Marc Killian: Good. Good to hear. Certainly interesting. Obviously, the virus itself affects so many people different ways and then apparently the vaccine does the same. My business partner, his wife’s a nurse and same thing with her. She got the shot a couple of weeks ago and had a really bad headache was her side effect from it, but I think that was about it. So, you just never know how it’s going to affect everybody, so I’m glad to hear she’s doing well and be curious to keep an eye on that, as we move along, how the vaccines and all that stuff’s going.


Marc Killian: But for now, like I said, let’s talk about annuities. Let’s get into part two of this. I mentioned at the top of the podcast kickoff, we’re going to talk about two types today: fixed deferred and variable. So let’s start with fixed deferred, guys.


John Teixeira: Yeah. So, fixed deferred annuities, recapping what we went through last time, anytime you get into an annuity, you really got to look at the company you’re going with because the guarantees are based on the issuing company and how strong they are. But just go over a fixed deferred annuity.


John Teixeira: It’s very simple, similar to a CD issued by a bank, just issued by an insurance company. You have a guaranteed rate. There are some that just give you a minimum interest guarantee where they’ll say your minimum interest is 1%, but it can fluctuate based on some factors. The most popular ones that we typically use are where there’s a multi-year guarantee where it will say, “Over five year period, you’re getting 2.5% or 3% over that five-year period.”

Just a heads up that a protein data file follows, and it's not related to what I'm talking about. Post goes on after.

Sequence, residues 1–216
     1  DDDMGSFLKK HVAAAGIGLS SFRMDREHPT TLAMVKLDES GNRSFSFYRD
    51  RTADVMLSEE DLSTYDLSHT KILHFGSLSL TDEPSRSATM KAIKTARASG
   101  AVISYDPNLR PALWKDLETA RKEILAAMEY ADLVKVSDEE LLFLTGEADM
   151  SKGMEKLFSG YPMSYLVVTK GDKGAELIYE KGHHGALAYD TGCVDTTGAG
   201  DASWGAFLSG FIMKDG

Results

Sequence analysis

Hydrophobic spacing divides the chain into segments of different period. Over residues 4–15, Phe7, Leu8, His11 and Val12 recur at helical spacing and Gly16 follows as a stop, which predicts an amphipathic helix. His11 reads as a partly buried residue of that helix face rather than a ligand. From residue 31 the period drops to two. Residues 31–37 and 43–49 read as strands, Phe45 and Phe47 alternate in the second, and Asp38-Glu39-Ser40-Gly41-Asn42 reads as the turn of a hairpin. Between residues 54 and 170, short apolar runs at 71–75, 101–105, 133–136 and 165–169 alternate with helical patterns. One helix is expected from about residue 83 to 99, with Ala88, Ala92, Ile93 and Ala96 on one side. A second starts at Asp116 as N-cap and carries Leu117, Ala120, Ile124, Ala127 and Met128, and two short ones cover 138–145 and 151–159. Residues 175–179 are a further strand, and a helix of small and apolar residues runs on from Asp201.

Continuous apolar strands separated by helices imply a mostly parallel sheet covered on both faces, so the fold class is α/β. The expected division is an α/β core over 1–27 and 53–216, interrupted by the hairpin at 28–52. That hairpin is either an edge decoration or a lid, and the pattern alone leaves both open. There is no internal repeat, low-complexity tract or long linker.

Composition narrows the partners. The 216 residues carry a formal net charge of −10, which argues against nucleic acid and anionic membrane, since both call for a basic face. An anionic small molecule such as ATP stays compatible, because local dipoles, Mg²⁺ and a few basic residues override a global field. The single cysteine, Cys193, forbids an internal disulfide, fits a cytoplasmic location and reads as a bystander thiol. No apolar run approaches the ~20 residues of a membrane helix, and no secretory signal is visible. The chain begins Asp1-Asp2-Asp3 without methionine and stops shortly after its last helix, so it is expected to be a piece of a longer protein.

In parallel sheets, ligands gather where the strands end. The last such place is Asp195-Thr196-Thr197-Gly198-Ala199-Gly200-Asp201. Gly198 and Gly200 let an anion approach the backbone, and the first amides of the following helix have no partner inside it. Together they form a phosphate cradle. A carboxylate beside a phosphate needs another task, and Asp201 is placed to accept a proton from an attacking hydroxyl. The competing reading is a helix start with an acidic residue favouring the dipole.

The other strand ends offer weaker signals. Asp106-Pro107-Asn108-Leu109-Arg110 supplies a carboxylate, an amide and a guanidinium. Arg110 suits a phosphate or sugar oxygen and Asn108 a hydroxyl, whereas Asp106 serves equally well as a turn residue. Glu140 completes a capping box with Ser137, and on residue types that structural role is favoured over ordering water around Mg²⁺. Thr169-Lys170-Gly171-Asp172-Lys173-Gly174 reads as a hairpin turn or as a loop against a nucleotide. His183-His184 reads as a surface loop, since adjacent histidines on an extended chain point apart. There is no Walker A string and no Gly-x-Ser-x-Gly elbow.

John Teixeira: Typically,… I say typically because there’s always some outliers… typically, no fees, again just comparing it to a CD, no fees on it. You’re just getting your 2.5% for that five year period or three year period, whatever you pick. We typically find that these rates are normally a little bit higher than CD rates, so it’s very competitive in that space. “Just looking for something just very simple. Let me just get a fixed rate. I don’t want to worry about any of these other moving parts. I just want a fixed interest rate with no risk.”


Nick McDevitt: Yeah. And I would add to that from the perspective of… from a functionality standpoint, as far as how the rates are fixed, there are some similarities with CDs. But it is important to understand that CDs typically have FDIC coverage or insurance because they are issued from a bank up to the limits that the FDIC provides, whereas the guarantees and the CD are going to be from the insurance company.


Nick McDevitt: So, we know that that’s a concern that people have when they bring it up or talk about it, so we always like to point that out. And then, on top of that, from the perspective of keeping in mind that annuities, by rule, by default, they have limited access to money until 59-and-a-half or after. So, if it’s money that somebody is using that is a non-retirement account and they’re younger than 59-and-a-half, it’s important to make sure that they remember that rule, that 59-and-a-half rule.


Nick McDevitt: But the positive is that it does provide tax deferred growth. In other words, you don’t get a 1099 from the bank or from the insurance company every year on your interest like you would in a non-retirement account if it was in a CD. So, the rates, the taxation, and the protection side of things are some differences between those.


John Teixeira: Yeah. And also, and just going back to what we talked about in the first annuity session, there are surrender periods on this. There are surrender charges, which will make them different than CDs. So just, if you need a recap of that, just go to our last podcast and we went through the basics of annuities, which is going to apply really to the fixed, the variable, and the index, which we’ll be going through.